Deals? In GAMING?!
Back in August, I reviewed another crowdfunded music game, which I guess has locked me into that review niche forever. And that’s fine! When music games are done right, they’re fun as hell. It’s hard to pull off a great music game, but the original Amplitude for PS2 is definitely a classic of the genre. Developer Harmonix went on to create iconic series like Guitar Hero and Rock Band, but they recently decided to revamp Amplitude through Kickstarter. The game’s finally out on PS4, so, of course, we gotta know- how is it?
Well, first off, Amplitude plays pretty much exactly like the original- think of a hybrid between Guitar Hero and Audiosurf. You move your little spaceship back and forth between six tracks which represent the various layers of each song and hit L1, R1, and R2 to shoot nodes in time with the music. Clearing a track will keep that part of the song playing for a while, which allows you to move to a different track and chain together combos. The movement feels smooth and snappy, albeit a little slower and less fluid than its cousin Audiosurf. From what I could tell, there’s no way to glide across tracks- instead, you can only jump one at a time.
The game provides you with different power-ups, unlocked by (what else?) playing through a certain number of tracks or getting high enough scores. They do things like preemptively clearing rows. Nothing we haven’t seen before. There’s also four different spaceships, which don’t seem to have any real gameplay difference aside from differentiating players in the multiplayer mode. They’ve got cute little names though, so you can tell your friends and family you’re playing as “Boxy,” or even “Chubs.”
Really, there’s nothing to complain about in regards to gameplay. Amplitude doesn’t bring anything new to the table, but it doesn’t have to. The way it plays is tried and true, and it controls simple enough to easily jump into the game. The game also looks great, using the PS4 to bring an abstract world of neon lights and morphing shapes to vivid life. So where does Amplitude suffer? Unfortunately, the game is weakest where a music game can’t afford to be- its music.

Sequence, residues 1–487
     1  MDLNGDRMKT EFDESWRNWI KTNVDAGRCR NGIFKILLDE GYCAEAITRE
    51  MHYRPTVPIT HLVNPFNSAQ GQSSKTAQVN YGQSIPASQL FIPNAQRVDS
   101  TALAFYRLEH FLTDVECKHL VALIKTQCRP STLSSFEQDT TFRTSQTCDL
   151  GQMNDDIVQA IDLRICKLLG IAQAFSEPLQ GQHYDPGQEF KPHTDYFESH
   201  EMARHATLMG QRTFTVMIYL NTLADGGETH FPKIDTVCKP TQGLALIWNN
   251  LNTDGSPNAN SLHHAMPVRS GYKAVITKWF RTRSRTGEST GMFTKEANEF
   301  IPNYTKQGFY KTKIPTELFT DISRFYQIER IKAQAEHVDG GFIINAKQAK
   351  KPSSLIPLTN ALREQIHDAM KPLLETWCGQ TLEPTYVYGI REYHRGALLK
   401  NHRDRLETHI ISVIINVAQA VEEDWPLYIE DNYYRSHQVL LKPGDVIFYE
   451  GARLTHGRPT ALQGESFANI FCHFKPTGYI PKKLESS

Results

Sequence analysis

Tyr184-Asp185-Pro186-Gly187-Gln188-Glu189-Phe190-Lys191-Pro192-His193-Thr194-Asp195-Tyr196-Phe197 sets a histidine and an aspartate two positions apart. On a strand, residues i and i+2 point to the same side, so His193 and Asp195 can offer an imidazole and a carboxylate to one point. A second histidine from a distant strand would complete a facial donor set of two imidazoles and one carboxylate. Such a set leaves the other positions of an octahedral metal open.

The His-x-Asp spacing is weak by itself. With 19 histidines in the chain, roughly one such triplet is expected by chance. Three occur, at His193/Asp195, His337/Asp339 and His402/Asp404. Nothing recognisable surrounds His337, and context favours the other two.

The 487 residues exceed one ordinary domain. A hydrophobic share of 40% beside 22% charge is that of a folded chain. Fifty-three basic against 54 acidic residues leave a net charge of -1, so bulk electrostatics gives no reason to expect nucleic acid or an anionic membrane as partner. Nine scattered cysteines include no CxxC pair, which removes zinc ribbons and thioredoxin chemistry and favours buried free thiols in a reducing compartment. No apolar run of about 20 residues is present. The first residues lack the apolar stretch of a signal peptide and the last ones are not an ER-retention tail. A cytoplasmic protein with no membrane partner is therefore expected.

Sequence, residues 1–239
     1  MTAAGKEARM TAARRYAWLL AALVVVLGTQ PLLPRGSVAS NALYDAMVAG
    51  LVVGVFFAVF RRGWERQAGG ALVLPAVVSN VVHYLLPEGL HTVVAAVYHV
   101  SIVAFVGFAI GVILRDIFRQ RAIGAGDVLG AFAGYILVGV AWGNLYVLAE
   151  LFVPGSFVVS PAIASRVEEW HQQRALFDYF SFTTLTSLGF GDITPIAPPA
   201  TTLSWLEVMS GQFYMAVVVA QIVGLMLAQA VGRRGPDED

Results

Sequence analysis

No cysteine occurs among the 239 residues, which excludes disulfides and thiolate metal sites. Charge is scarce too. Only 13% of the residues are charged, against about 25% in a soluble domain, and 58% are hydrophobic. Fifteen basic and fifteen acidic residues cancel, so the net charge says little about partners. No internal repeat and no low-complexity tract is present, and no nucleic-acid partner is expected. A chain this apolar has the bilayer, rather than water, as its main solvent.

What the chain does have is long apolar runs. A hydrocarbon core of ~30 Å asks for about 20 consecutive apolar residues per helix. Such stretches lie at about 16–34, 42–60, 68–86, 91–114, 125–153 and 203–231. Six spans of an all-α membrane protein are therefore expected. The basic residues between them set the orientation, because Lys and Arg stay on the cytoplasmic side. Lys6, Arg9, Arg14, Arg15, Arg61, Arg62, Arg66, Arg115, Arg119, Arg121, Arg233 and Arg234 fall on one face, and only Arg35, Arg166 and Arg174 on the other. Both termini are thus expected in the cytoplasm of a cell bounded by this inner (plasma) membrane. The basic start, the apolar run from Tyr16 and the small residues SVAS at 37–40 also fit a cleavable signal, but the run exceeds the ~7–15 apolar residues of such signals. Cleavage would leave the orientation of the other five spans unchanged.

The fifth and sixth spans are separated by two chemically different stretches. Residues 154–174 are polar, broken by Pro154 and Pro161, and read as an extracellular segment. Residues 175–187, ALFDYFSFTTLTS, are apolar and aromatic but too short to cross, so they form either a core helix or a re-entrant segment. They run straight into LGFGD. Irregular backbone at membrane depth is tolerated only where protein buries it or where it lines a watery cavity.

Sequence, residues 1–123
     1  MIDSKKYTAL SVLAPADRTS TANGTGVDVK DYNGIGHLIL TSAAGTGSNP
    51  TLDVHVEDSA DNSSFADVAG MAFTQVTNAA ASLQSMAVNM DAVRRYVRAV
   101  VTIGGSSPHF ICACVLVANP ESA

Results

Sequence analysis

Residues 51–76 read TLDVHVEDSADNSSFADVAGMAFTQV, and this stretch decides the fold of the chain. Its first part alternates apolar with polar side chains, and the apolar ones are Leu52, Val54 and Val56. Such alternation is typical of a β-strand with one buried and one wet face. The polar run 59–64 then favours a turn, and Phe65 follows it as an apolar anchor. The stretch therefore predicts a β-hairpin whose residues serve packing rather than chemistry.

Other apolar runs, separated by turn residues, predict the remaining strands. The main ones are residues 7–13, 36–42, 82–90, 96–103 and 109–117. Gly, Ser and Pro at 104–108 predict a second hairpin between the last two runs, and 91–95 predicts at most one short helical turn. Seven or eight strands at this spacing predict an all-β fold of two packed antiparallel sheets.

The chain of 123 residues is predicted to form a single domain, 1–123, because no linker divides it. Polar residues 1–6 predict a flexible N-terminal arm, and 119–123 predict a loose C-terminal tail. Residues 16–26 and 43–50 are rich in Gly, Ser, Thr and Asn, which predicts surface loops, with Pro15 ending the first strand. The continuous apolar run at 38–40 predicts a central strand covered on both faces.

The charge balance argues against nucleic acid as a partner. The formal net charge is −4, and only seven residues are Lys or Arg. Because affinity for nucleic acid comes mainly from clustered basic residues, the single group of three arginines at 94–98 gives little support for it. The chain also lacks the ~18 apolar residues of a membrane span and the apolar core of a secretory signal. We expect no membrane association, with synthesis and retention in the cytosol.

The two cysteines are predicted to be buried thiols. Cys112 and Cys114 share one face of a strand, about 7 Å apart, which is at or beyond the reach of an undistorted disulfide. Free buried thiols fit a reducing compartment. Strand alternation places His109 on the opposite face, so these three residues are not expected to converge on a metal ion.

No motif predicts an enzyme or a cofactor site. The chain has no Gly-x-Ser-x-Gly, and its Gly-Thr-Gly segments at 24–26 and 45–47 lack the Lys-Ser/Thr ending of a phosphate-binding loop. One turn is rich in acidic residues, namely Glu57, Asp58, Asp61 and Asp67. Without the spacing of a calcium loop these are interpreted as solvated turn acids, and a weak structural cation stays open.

There isn’t anything particularly bad about Amplitude’s soundtrack; there aren’t any ear-splitting misfires or boring slow-jams. Instead, Amplitude is cursed by a tracklist that’s often simply forgettable. The bulk of the game’s music are Harmonix originals, comprising the game’s Campaign mode as a loose, and I quote the PlayStation Store page here, “sci-fi concept album” about awakening a “comatose patient and [expanding] her perceptions.” Although it’s a lofty idea, a lot of tracks seem to bleed together, and I could probably name from memory maybe 3 standouts from the 15 tracks of the roughly hour-long campaign.
The only (!) other mode in the game is Quickplay, which lets you pick a song and jump right in. Unfortunately, most likely due to the limited Kickstarter funding, you’ll find no David Bowie remixes or Garbage or even Papa Roach in this version of Amplitude. The biggest names most people will probably (maybe) recognize are Danny Baranowsky, contributing a banger off the NecroDancer OST, and, uh, Freezepop, who did that cool little song about Achewood, which unfortunately isn’t in the game. Also, there’s the guy who did the Minecraft soundtrack I guess? Sure.
As mentioned, there’s only two modes in the game – Campaign and Quickplay, and although there’s local four-player multiplayer, there’s no true online multiplayer or freeform Remix mode like in the original Amplitude. Combined with the lackluster tracklist, Amplitude takes a big hit to longevity. Of course, some people may love the music here, and some might be obsessed with topping the leaderboards, but I personally can only listen to Freezepop so many times before giving up on trying to top my score.
Maybe if online functionality was added, or the tracklist expanded, Amplitude could sit beside titans of the genre. But as it stands now, Amplitude doesn’t have to kind of staying power as other iconic music games. I could recommend this game to hardcore fans of musical games, or big fans of the kind of electronica it features, but anyone coming to the new Amplitude expecting something innovative or something as varied as the original game will end up disappointed. Some classics are just better left alone.